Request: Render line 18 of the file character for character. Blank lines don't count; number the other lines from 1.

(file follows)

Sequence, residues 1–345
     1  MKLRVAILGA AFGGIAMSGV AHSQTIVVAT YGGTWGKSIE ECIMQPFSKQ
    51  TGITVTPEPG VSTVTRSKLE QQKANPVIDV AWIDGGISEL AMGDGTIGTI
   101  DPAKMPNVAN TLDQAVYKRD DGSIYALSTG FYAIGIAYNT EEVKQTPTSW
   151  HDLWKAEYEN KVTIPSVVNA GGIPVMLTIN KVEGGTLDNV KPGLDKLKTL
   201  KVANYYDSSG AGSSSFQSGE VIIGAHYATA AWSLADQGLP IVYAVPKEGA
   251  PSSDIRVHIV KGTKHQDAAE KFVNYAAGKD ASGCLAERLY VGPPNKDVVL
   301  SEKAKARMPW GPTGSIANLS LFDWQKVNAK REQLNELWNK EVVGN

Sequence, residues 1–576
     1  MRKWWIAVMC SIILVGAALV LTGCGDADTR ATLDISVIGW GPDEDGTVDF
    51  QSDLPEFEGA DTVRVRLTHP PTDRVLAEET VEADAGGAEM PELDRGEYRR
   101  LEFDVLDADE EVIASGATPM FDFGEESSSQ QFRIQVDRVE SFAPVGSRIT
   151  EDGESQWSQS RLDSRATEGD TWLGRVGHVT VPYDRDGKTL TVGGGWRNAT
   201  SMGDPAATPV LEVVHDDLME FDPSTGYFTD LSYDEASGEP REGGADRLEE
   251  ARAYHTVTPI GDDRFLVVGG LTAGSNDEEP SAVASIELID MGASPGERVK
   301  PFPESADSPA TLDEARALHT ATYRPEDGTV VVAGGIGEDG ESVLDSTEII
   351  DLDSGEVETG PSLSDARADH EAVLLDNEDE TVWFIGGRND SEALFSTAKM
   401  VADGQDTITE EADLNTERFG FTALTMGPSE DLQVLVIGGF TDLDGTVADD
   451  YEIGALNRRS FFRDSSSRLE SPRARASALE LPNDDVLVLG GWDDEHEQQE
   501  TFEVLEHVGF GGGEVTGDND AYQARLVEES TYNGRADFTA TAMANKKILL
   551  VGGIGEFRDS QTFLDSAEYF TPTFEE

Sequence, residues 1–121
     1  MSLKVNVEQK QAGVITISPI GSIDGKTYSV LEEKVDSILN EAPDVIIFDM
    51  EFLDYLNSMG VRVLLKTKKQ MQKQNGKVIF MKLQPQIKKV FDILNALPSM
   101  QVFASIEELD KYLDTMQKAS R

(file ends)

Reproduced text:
   401  VADGQDTITE EADLNTERFG FTALTMGPSE DLQVLVIGGF TDLDGTVADD